Mattel’s classic franchise has returned through the streaming giant Netflix and its animated series Masters of the Universe: Revelation, with Kevin Smith — Hollywood’s darling fanboy — taking the reins as the showrunner of the ambitious animation project. Sadly, the ambition was misplaced in what can only be categorized as a betrayal to the fans and the beloved characters we grew up with.
This review will remain unbiased, but Kevin Smith’s decisions can’t be ignored — if anything, his biases are on full display and directly influence what became this misguided cartoon. It seems the ambition was to cash in on the faux-nostalgia by pandering to people with a distaste for the original show while alienating the actual fans who have championed the franchise since the early ’80s. If you want to learn about the drama between the showrunner and Clownfish TV’s Kneon and Geeky Sparkles, you can follow this link. Here at Geeks + Gamers, we’ll only focus on an objective review of the first five episodes and the companion special.
Unlike the previous three cartoons, Masters of the Universe: Revelation is centered around Teela’s adventures starting in episode 1, with her becoming the new Man-at-Arms for the kingdom. Meanwhile, Skeletor and Evil-Lyn try to take over Castle Grayskull to reach the secrets lying within: the source of Eternia’s magic. The trailer pretty much covers the first 20 minutes of the show. He-Man/Prince Adam dies trying to stop a magic cataclysm by containing it within the Sword of Power. Then, Man-at-Arms tells the king that his son died and that he was He-man all along; the Queen already knew, and Teela feels offended because she wasn’t told this secret. Man-at-Arms is exiled from the kingdom, and Teela leaves in a hissy fit to join Andra (Tiffany Smith) — a race-swapped ginger minor character from the comic books — who is an engineer, as they embark on mercenary jobs through Eternia that will take them through Snake Mountain, Subternia, and Preternia, joining unlikely allies to try and save the magic of the realm.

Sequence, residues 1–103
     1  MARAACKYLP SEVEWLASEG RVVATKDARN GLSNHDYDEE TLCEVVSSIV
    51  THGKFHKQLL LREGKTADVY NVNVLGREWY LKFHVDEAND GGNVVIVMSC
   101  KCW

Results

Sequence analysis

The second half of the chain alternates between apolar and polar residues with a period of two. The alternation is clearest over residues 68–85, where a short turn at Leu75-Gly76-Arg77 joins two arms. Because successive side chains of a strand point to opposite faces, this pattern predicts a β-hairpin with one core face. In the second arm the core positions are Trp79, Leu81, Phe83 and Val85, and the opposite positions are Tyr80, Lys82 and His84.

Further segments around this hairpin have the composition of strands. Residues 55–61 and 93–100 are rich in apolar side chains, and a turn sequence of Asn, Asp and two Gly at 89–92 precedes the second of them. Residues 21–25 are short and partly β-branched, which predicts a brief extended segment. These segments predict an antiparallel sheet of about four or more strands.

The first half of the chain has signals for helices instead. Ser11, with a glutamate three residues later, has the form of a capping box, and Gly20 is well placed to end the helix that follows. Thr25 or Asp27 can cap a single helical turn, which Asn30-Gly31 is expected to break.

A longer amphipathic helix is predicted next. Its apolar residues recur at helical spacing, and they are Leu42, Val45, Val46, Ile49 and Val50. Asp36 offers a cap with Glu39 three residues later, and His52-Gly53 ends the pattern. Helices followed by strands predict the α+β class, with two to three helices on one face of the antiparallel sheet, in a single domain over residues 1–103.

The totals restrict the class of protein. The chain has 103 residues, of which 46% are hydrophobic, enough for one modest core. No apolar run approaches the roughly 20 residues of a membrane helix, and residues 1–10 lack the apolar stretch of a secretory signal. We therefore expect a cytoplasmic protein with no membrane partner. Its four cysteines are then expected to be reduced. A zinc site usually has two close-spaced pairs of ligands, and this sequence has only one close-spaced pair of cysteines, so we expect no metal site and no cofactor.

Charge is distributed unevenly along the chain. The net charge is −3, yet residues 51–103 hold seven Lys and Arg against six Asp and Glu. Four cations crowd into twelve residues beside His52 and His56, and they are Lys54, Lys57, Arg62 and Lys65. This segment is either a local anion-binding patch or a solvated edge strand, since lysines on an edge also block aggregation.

Masters of the Universe: Revelation has a lot of great voice-acting, with heavyweight performers like Mark Hamill (Skeletor) and Kevin Conroy (Merman), but without a doubt, the best one in the show so far — and the most interesting character — is Lena Heady’s portrayal of Evil-Lyn. In spite of her being a secondary character, she is the only one with an actually interesting story arc, and she even shares great moments with the other heroes, especially with fellow spellcaster Orko (Griffin Newman). A very honorable mention goes out to Man-at-Arms (Liam Cunningham), who manages to shine through as well while being relegated to a secondary character while being the heroic personality carrying the heart of the Masters of the Universe.